Game plans on the political court

March 31, 2002|By MICHAEL OLESKER

TO WATCH C.A. Dutch Ruppersberger with a basketball in his hand is to evoke visions of Tony Siragusa performing Swan Lake. Graceful it is not. Final Four caliber, not a chance. But there was Ruppersberger on Thursday morning, whirling in the pivot and ignoring all cries from the baseline, where Clarence Mitchell IV had a free shot of his own.

"I'm open, I'm open," cried Mitchell, the state senator from West Baltimore.

Ruppersberger, the Baltimore County executive, seemed utterly oblivious. He was in his own zone. He shifted the ball behind his back, left hand to right around his entire girth, a considerable trip. Now bulling his way toward the basket the way Lonny Baxter might, Ruppersberger drove, stopped, went up for a jump shot. The distance between his feet and the floor was perhaps three-eighths of an inch. The shot bounced harmlessly off the rim.

"I was open," said Mitchell.

Open, he might have added, for all kinds of possibilities.

The two of them, Ruppersberger and Mitchell, were sharing the little basketball court at the ESPN Zone at the Inner Harbor on Thursday morning as part of a television interview. The angle was: The University of Maryland goes for the national championship this weekend in Atlanta, and here are two of its distinguished alumni - Ruppersberger, Class of '67, and Mitchell, Class of '79 - shooting a few hoops to visualize the grand possibilities for their old school.

FOR THE RECORD - The spelling of Lonny Baxter has been corrected for the electronic database. See microfilm for original story.

(The scouting report on their abilities: Mitchell hates to go to his right, instinctively goes to left but may fool everybody in the coming weeks. Ruppersberger, former high school and college football and lacrosse star, handles the basketball with all the finesse of a linebacker throwing a forearm shiver.)

Thus, they will return now to the things they do best: government and politics, and the business of getting themselves (and others, perhaps) elected this fall.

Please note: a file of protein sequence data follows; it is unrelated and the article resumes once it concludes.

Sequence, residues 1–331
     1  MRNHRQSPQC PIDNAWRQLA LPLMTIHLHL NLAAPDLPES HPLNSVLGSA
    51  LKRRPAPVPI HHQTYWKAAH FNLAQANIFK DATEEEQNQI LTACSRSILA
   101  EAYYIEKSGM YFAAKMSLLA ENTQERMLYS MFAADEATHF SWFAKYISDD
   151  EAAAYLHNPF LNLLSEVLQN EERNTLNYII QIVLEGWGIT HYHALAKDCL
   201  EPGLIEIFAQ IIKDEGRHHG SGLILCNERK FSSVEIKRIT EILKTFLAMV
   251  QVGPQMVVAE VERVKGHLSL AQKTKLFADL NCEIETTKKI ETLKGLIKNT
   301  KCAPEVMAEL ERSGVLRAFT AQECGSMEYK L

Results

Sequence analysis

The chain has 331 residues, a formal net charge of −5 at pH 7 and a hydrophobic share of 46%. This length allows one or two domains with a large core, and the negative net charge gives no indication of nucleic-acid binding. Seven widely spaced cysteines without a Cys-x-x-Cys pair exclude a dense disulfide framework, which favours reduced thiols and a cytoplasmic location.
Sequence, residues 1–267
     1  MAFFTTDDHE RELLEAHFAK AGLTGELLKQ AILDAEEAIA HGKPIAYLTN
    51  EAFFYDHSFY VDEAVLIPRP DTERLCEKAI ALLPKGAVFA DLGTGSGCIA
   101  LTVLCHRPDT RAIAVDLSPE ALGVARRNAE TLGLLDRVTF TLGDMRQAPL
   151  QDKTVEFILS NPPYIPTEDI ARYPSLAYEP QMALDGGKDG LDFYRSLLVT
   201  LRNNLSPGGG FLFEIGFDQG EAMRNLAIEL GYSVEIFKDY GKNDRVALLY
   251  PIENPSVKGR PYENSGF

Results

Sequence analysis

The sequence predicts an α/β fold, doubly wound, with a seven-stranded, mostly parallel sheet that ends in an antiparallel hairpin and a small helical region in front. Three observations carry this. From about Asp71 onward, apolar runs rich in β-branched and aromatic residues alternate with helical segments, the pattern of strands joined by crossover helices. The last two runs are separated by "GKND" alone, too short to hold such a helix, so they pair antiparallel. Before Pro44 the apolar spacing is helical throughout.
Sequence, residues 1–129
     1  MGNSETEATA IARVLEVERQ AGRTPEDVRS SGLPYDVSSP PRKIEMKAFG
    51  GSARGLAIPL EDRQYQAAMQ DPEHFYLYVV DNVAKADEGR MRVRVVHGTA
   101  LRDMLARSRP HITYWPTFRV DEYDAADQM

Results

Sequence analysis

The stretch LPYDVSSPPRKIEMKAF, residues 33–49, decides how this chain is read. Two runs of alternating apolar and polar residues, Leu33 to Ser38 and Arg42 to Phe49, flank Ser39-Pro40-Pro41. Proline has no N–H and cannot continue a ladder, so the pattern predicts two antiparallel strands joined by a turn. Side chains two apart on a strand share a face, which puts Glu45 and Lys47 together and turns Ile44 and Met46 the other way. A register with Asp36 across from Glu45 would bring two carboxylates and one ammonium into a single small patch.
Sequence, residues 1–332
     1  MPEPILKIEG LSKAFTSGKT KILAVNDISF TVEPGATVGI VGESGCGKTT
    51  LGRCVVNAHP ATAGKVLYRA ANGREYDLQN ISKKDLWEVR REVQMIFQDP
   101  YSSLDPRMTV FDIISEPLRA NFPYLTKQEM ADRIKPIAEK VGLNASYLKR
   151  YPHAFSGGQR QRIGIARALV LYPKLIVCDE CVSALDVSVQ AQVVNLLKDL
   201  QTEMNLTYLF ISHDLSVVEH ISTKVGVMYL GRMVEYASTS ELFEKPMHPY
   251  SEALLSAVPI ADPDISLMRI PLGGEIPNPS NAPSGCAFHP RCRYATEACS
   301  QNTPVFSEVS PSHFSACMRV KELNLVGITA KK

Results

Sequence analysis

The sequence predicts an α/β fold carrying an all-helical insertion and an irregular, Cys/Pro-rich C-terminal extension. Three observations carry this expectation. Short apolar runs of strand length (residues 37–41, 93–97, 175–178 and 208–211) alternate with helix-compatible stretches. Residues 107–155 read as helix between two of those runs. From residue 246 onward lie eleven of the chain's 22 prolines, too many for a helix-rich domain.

Mitchell will run for re-election to his state Senate seat, but with new district boundaries. And, because he is infuriated by the backroom Parris Glendening maneuvering over those district lines, he is now talking seriously about an alliance with a former political foe, Rep. Robert Ehrlich Jr., who announced last week that he'll give up his congressional seat to run for governor.

Ruppersberger, meanwhile, facing term limits as county executive, will announce his campaign for Ehrlich's seat. The official announcement will come in about a month. In the meantime, Republicans are trying to figure out who will take Ehrlich's place on the Republican congressional ballot.

The two names mentioned most frequently are Ellen Sauerbrey and Helen Bentley. But Sauerbrey still carries some troublesome baggage. One, that she was a bitter loser to Parris Glendening eight years ago, when she made wild accusations about voter fraud that fell apart humiliatingly in court.

Also, that private Republican polls show her trailing Ruppersberger by considerable margins. That's why there's now talk of George W. Bush offering Sauerbrey an ambassadorship. It avoids a messy primary over a congressional seat the Republicans are desperate to hold.

As for Bentley, she still holds considerable statewide respect. She was a figure of credibility for Republicans when there were almost none in the whole state. But, now in her eighth decade, there will inevitably be questions about her age and energy.

And it's a tough fight against Ruppersberger, who's had eight years as a centrist county executive.

Meanwhile, Ehrlich will leave that congressional seat to run for a governorship that the Republicans have not held since Spiro Agnew a third of a century ago. Ehrlich faces heavy Democratic registration - and a perception that Kathleen Kennedy Townsend, the perceived Democratic front-runner, would monopolize African-American votes.

This is where Clarence Mitchell IV becomes part of the equation.

Mitchell is infuriated that new district lines drawn by Glendening pit him against another incumbent, Sen. George Della, and believes the move was willfully injurious to black voters and personally (and willfully) injurious to Mitchell.

Thus, he has been talking regularly across party lines - with Ehrlich.

"At least 10 times," Mitchell said last week, between jump shots at the ESPN Zone. "About me supporting his race against Kathleen. I might do it."

The last time he and Ehrlich talked, he said, was the day after Ehrlich's announcement that he was in the race. Mitchell's support might give Ehrlich credibility among African-American voters traditionally leery of Republicans - particularly conservative Republicans.

Also, it would give Mitchell an opportunity to respond to the new district lines with an in-your-face gesture of his own.

That's the old law of the playground. You foul me, I foul you back. Politics isn't so complicated. At the ESPN Zone last week, when Mitchell called to Ruppersberger, "I'm open," he might have been talking about political possibilities. But Ruppersberger had the ball, and he's got goals of his own in mind.

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